Incidents of Nanophyetiasis in the United States have risen in the past twenty years due in part to changing preferences in cooking style.  Many more people are eating raw or “pan seared” fish and, therefore, exposing themselves to Nanophyetus salmincola. Some simple ways to combat the spread of this parasite are:

-       cooking fish thoroughly.

-       Freezing fish for 24 hours before consuming.

-       Molluscicides can be practical if used in small, specific areas.

-       Check fish for signs of cysts or cercariae entry.

-       Fish away from heavy snail habitats.

XVI Effects on Dogs

            Nanophyetiasis in dogs is much more serious than in humans.  Scientists noticed almost 200 years ago that dogs that consumed raw fish sometimes died rather quickly.  This “salmon poisoning” while associated with the trematode Nanophyetus salmincola is not caused by the worm.  The sickness is caused by Neorickettsia helminthoeca, a rickettsial bacteria that uses the N. salmincola as a host.[xxiv]  Only canines are susceptible to the disease.  Raccoons show a raised temperature and infection after being infected by the rickettsia, but both soon subside.[xxv]  The incubation period in dogs is 5-7 days, although it may take as long as 33 days.  After onset, there is a sharp fever coupled with anorexia, vomiting and dysentery.  The rickettsia attacks the canine’s lymph system causing enlarging and eventually hemorrhaging many of the lymph nodes.  The disease can spread to other tissues such as leucocytes. Death occurs 10-14 days after signs first appear.

XVII Useful Web Links

http://en.wikipedia.org/wiki/Nanophyetus_salmincola

http://www.stanford.edu/class/humbio103/ParaSites2003/Nanophyetiasis/Nanophyetiasis%20Home%20Page.htm

 

 



[i] David T. John and William A. Petri, Jr., Markell and Vogue’s Medical Parasitology (St. Louis: Elsevier Press, 2006), 203

[ii] RE Milleman and SE Knapp, “Biology of Nanopheyus Salmincola and “Salmon Poisoning” Disease” Advanced Parasitology, 8 (1970): 1-31

[iii] Elwin Bennington and Ivan Pratt “ Life History of the Salmon-Poisoning Fluke Nanophyetus SalmincolaThe Journal of Parasitology, 46-1 (1960): 91

[iv] Richard Eastburn and Thomas R. Fritsche and Charles A. Terhune, Jr. “ Human Intestinal Infection with Nanophyetus Salmincola from Salmonid Fishes” The American Society of Tropical Medicine and Hygiene, 36-3 (1987): 586

[v] Richard Eastburn and Thomas R. Fritsche and Charles A. Terhune, Jr. “ Human Intestinal Infection with Nanophyetus Salmincola from Salmonid Fishes” The American Society of Tropical Medicine and Hygiene, 36-3 (1987): 586

[vi] Lee W. Harrell and Thomas Deardorff “ Human Nanophyetiasis: Transmission by Handling Naturally Infected Coho Salmon” The Journal of Infectious Diseases, 161-1 (1990): 146

[vii] Richard Eastburn and Thomas R. Fritsche and Charles A. Terhune, Jr. “ Human Intestinal Infection with Nanophyetus Salmincola from Salmonid Fishes” The American Society of Tropical Medicine and Hygiene, 36-3 (1987):

[viii] Jerry A. Butler and Raymond E. Millemann. “ Effect of the ‘Salmon Poisoning’ Trematode, Nanopheyus Salmincola, on the Swimming Ability of Juvenile Salmonid Fishes” The Journal of Parasitology, 57-4 (1971): 860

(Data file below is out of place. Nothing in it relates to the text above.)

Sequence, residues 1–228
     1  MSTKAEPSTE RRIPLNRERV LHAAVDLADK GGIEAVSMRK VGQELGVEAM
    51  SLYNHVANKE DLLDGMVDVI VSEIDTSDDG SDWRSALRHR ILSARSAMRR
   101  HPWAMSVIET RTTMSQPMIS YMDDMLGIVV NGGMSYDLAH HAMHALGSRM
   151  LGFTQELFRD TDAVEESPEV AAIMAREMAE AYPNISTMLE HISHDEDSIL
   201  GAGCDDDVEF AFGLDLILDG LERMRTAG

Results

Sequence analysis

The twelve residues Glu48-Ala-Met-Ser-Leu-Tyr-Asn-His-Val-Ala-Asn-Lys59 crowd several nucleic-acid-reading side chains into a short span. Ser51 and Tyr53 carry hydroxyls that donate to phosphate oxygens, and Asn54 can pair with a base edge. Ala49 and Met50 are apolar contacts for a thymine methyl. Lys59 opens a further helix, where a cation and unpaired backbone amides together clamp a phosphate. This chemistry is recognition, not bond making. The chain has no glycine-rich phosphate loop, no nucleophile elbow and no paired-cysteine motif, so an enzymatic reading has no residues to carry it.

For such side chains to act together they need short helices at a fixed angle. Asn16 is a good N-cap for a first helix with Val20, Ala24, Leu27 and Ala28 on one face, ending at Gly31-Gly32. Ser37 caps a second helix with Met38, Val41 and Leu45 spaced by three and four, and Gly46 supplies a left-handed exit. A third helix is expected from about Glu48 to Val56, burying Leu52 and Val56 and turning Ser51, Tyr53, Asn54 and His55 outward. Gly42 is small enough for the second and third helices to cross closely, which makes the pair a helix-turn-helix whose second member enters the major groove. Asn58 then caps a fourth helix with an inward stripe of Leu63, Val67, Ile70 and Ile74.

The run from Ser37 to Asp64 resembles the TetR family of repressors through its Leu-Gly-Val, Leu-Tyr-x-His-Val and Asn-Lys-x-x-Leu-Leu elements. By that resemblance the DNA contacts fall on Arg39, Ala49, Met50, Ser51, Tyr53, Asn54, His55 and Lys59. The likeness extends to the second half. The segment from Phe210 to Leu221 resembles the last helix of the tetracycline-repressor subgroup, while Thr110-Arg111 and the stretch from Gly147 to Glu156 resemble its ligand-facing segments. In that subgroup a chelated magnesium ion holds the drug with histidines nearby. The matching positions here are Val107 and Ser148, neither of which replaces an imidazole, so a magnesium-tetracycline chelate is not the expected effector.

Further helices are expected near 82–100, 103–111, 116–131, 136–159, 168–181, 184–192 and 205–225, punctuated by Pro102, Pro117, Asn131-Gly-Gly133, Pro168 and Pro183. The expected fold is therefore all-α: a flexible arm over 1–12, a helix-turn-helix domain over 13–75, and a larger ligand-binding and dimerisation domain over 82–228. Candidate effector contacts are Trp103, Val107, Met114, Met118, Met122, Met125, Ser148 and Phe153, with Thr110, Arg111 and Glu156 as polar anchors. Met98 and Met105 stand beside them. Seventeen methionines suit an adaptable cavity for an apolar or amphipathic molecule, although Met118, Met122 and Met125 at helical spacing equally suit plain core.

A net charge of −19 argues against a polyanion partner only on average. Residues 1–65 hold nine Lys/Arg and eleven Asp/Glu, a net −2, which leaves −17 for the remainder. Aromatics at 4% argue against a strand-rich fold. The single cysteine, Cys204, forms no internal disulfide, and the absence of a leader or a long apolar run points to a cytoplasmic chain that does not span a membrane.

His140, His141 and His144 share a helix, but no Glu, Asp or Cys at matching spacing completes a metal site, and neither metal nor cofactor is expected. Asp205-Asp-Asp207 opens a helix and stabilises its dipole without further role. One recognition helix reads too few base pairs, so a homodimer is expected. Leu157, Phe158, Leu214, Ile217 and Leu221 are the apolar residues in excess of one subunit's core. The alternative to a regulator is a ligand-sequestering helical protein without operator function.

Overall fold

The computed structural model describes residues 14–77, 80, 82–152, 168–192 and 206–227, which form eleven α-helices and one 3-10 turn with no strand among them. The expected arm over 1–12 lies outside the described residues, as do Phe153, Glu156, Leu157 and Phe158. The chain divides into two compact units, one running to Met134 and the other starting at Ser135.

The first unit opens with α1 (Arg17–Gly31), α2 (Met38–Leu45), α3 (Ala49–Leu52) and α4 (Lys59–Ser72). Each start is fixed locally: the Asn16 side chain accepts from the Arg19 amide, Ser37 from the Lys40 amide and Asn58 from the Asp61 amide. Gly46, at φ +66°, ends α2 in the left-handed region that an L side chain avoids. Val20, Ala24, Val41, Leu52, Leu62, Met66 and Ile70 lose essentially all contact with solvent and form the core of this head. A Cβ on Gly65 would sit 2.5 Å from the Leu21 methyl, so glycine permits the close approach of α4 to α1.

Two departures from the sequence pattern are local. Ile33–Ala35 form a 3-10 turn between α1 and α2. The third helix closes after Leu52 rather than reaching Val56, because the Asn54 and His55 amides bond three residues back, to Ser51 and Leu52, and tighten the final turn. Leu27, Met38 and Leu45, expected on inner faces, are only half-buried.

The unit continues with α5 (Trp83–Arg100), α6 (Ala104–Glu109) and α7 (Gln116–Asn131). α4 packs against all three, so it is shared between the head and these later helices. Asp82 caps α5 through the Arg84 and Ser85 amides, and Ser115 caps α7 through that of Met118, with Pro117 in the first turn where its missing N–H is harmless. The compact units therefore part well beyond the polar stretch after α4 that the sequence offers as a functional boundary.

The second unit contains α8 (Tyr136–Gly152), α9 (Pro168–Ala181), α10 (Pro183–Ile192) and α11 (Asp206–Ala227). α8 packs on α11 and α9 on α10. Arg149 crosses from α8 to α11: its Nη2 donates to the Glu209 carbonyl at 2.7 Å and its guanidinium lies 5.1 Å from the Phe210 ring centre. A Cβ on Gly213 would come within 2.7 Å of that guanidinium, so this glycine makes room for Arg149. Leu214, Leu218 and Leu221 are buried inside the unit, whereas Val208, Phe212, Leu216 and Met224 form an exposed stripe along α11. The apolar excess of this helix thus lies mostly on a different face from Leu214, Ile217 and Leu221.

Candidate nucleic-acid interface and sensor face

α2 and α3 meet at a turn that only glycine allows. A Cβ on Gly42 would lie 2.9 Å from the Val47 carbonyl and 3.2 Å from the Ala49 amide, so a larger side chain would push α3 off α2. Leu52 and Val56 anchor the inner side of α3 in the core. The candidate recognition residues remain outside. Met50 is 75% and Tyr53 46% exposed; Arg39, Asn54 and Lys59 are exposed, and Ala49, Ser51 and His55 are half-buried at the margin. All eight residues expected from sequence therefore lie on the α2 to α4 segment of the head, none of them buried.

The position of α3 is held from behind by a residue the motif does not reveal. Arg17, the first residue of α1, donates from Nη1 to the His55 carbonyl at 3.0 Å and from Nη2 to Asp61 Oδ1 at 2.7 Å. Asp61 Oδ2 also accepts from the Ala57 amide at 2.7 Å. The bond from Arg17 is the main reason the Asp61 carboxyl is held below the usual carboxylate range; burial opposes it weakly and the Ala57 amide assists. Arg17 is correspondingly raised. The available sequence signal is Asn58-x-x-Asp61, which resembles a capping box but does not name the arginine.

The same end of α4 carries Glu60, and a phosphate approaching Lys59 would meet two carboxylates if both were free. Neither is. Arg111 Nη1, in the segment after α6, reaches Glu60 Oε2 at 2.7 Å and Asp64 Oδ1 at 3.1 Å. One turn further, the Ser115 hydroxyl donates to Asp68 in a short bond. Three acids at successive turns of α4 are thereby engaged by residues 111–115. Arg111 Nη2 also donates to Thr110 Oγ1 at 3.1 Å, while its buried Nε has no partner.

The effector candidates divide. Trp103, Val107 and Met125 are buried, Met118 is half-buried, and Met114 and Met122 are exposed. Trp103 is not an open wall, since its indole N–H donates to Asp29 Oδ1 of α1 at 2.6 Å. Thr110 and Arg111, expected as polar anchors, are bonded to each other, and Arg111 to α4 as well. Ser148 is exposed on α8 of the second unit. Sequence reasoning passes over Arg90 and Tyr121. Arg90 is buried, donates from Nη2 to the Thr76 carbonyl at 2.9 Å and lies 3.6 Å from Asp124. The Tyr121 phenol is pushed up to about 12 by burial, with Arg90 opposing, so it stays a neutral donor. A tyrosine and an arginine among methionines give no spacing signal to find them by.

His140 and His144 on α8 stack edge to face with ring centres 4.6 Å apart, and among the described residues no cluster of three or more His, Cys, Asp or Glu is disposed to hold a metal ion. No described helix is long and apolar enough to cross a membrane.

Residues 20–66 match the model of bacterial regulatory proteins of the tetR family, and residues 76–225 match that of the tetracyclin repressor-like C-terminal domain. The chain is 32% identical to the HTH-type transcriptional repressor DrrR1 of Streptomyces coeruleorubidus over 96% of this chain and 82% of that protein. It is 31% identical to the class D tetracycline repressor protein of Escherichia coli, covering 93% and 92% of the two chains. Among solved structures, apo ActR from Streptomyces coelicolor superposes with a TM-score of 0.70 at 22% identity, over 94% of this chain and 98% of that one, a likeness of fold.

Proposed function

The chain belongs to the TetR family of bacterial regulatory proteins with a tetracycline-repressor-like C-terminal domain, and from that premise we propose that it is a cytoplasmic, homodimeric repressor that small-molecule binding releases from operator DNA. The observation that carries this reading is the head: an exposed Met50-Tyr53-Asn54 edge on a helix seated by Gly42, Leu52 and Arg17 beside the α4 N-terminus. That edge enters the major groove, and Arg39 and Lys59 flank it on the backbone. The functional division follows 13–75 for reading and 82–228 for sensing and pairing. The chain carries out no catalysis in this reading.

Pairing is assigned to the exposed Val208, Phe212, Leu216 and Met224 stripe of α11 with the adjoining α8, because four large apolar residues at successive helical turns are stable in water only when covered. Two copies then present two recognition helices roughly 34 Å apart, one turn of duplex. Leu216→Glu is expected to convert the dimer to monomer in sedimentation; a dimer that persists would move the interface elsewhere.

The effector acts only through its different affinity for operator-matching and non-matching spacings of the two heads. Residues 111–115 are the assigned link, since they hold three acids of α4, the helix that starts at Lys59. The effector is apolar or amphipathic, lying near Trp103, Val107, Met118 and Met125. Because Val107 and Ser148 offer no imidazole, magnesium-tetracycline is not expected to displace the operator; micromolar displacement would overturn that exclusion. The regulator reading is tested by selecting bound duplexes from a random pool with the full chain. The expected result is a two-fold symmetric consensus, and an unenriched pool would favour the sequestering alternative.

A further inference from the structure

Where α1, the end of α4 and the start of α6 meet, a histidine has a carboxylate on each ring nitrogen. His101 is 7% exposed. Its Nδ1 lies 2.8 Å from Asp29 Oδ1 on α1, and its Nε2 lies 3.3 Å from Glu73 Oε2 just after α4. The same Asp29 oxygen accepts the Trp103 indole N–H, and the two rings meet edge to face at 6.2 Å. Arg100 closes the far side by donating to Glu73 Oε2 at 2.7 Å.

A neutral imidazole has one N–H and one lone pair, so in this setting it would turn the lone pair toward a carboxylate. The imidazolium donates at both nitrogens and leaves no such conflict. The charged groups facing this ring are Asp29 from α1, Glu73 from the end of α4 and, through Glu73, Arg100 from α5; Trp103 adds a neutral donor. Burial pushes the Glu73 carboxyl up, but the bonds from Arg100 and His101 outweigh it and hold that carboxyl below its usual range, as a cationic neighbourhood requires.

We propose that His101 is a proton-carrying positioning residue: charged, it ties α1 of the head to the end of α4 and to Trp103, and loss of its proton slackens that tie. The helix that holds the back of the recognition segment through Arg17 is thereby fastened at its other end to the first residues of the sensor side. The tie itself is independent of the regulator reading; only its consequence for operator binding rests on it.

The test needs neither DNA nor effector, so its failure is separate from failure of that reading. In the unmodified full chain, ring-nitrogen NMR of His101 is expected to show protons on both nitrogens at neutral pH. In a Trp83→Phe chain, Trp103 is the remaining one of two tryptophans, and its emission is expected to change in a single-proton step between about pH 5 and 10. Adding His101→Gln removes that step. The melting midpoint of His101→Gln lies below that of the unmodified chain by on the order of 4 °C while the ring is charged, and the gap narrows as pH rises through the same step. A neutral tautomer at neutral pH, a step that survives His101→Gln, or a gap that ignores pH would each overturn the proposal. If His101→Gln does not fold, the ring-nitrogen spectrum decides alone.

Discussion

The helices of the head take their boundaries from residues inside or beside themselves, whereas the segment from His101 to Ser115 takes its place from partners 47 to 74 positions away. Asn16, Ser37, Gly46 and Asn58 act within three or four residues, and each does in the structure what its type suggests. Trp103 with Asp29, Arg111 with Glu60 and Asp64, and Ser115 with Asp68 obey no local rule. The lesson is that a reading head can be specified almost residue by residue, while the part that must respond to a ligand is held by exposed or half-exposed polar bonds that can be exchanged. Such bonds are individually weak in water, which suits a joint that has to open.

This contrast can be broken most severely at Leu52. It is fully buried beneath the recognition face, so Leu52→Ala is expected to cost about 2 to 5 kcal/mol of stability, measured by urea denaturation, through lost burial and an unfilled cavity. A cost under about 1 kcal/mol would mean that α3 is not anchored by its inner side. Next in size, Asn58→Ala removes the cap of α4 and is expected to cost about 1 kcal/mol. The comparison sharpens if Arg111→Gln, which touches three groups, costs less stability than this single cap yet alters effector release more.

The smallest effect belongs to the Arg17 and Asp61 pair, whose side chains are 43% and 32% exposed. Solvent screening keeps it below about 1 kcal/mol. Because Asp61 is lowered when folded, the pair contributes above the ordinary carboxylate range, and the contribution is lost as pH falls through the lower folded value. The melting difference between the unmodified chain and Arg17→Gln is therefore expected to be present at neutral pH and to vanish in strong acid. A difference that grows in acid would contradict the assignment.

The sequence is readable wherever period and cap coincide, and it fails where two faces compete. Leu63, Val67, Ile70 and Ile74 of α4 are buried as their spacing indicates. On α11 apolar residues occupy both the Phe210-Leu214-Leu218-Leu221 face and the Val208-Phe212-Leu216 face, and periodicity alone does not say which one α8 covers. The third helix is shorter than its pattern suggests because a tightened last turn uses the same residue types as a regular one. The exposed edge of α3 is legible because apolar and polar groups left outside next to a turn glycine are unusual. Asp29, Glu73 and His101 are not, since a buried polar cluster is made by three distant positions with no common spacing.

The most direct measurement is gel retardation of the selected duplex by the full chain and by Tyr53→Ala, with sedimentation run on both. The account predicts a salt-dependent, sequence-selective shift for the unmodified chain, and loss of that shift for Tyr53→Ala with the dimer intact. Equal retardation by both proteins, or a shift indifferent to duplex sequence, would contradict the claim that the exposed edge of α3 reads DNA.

[ix] Gary A. Gebhardt et al. “ Salmon Poisoning Disease II. Second Intermediate Host Susceptibility Studies” The Journal of Parasitology, 52-1 (1966), 54

[x] Gary A. Gebhardt et al. “ Salmon Poisoning Disease V. Definitive Hosts of the Trematode Vector, Nanophyetus Salmincola” The Journal of Parasitology, 52-1 (1966): 770

[xi] David T. John and William A. Petri, Jr., Markell and Vogue’s Medical Parasitology (St. Louis: Elsevier Press, 2006), 203

[xii] RE Milleman and SE Knapp, “Biology of Nanopheyus Salmincola and “Salmon Poisoning” Disease” Advanced Parasitology, 8 (1970): 11

[xiii] Ibid, 11

[xiv] Ibid,  16

[xv] Ibid, 16

[xvi] Ibid, 21

[xvii] Richard Eastburn and Thomas R. Fritsche and Charles A. Terhune, Jr. “ Human Intestinal Infection with Nanophyetus Salmincola from Salmonid Fishes” The American Society of Tropical Medicine and Hygiene, 36-3 (1987): 589

[xviii] Lee W. Harrell and Thomas Deardorff “ Human Nanophyetiasis: Transmission by Handling Naturally Infected Coho Salmon” The Journal of Infectious Diseases, 161-1 (1990): 146

[xix] Richard Eastburn and Thomas R. Fritsche and Charles A. Terhune, Jr. “ Human Intestinal Infection with Nanophyetus Salmincola from Salmonid Fishes” The American Society of Tropical Medicine and Hygiene, 36-3 (1987): 586

[xx] RE Milleman and SE Knapp, “Biology of Nanopheyus Salmincola and “Salmon Poisoning” Disease” Advanced Parasitology, 8 (1970): 1-31

[xxi] Richard Eastburn and Thomas R. Fritsche and Charles A. Terhune, Jr. “ Human Intestinal Infection with Nanophyetus Salmincola from Salmonid Fishes” The American Society of Tropical Medicine and Hygiene, 36-3 (1987): 590

[xxii] Thomas R. Fritsche et al. “ Praziquantel for Treatment of Human Nanophyeus salmincola Infection” The Journal of Infectious Diseases. 160-5 (1989): 896

[xxiii] Richard Eastburn and Thomas R. Fritsche and Charles A. Terhune, Jr. “ Human Intestinal Infection with Nanophyetus Salmincola from Salmonid Fishes” The American Society of Tropical Medicine and Hygiene, 36-3 (1987): 586

[xxiv] Ibid, 586

[xxv][xxv] RE Milleman and SE Knapp, “Biology of Nanopheyus Salmincola and “Salmon Poisoning” Disease” Advanced Parasitology, 8 (1970): 33